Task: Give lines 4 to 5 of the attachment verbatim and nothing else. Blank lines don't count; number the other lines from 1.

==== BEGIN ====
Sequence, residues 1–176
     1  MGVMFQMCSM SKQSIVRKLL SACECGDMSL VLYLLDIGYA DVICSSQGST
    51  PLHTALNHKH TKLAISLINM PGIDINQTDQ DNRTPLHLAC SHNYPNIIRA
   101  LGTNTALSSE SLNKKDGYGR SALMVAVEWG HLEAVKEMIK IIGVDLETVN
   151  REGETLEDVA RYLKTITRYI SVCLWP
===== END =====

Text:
   101  LGTNTALSSE SLNKKDGYGR SALMVAVEWG HLEAVKEMIK IIGVDLETVN
   151  REGETLEDVA RYLKTITRYI SVCLWP